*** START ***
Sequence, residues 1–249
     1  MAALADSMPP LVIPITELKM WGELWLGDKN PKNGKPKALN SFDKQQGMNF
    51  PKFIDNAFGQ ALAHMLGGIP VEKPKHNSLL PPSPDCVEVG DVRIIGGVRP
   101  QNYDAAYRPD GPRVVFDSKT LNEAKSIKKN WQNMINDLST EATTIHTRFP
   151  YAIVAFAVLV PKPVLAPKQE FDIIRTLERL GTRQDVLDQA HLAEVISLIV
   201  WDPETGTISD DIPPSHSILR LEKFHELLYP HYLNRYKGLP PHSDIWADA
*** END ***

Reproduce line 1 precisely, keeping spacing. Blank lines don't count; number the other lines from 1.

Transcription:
Sequence, residues 1–249